Minerality, a common yet mysterious term frequently used in wine descriptions. Understanding minerality gives you the right of passage from a wine novice to a wine connoisseur. Some perceive mineral-driven wines as superior to fruit-forward, beginner-friendly wines. But what exactly is minerality in wine, and where does the minerality in wine come from?

We will decode the mystery behind minerality, level up your understanding of wine and enhancing your wine-tasting experience.

Minerality in wine often associated with stone and seashell flavors (Photo: Midjourney, Sylvia Ba)

Defining Minerality

When asked about minerality, wine experts may offer varying explanations, as there's no precise definition. Generally, most in the wine community would agree that minerality refers to flavors and aromas reminiscent of minerals or earth, such as rock or stone. It differs from the primary fruit, floral, and spice characteristics associated with wines.

It's important to distinguish between minerality and the terms 'forest floor' and 'earthy'. These terms are specifically referring to flavors and aromas linked to living organisms found in nature.

What Does ‘Minerality’ Taste Like?

Minerality in wine can be both prominent and subtle, often associated with flavors and aromas related to rocks and stones. Flint, slate, wet stone, gravel, fossils, chalk, and even asphalt are common descriptors. It can also encompass tastes and smells related to the sea, like oyster shell or a saline character.

These indicators of minerality are commonly used in the tasting notes of wines. Additionally, minerality contributes to a wine's overall structure and mouthfeel, making it feel vibrant, lean, and occasionally austere.

Where Does Minerality Come From?

One challenge in defining minerality is the absence of well-defined chemical and sulfur compounds in scientific studies directly associated with the term. Unlike compounds responsible for fruity or floral aromas, there isn't a clear set of chemical markers for minerality. Be that as it may, when talking about minerality, wine experts and winemakers often attribute minerality to terroir. It is believed that specific combinations of soil, climate, and topography in a specific vineyard can lead to mineral aromas in wine.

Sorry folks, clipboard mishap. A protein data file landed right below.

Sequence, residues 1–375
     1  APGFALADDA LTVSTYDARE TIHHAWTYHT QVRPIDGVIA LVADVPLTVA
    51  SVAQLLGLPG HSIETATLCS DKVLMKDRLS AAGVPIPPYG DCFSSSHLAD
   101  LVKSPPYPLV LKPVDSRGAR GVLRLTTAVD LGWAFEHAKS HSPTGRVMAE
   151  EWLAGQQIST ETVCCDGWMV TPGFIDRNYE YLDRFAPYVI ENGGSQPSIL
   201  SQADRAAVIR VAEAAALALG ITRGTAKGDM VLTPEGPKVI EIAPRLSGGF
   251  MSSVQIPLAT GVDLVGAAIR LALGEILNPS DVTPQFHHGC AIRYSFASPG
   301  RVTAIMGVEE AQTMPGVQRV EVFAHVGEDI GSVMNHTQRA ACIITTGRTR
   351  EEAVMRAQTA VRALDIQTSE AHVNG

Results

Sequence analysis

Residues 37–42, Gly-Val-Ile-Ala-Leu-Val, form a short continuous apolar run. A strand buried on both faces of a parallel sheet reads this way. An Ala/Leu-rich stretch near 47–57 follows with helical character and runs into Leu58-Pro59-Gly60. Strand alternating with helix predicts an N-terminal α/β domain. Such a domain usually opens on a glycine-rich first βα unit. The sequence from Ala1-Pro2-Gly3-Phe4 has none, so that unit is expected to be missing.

The minerals present in the soil, such as limestone, slate, or volcanic rocks, can impart distinct mineral notes to the grapes. The minerals absorbed by grapevines can affect the acidity and pH of the grapes, which, in turn, can influence the taste of the wine. These elements are absorbed by the vines, ultimately influencing the taste and aroma of the wine.

Winemaking techniques, such as the use of concrete or stainless steel tanks, can also influence the perception of minerality. They are classified as neutral vessels so they generally do not impart flavor directly. However, they are loved by winemakers around the world as they can contribute to the overall texture and mouthfeel of the wine.

Volcanic soil can impart mineral notes to wine, vineyard in the Canary Islands (Photo: Dim Hou, Unsplash.com)

Wines Known for their “Minerality”

Minerality is a signature descriptor of wines from specific regions. Contrary to a general misconception that only white wines can be mineral, examples from red wines abound. Regions such as Mount Etna in Sicily, Priorat, and the Canary Islands in Spain produce red wines celebrated for their minerality. Here are notable examples of mineral-driven wines.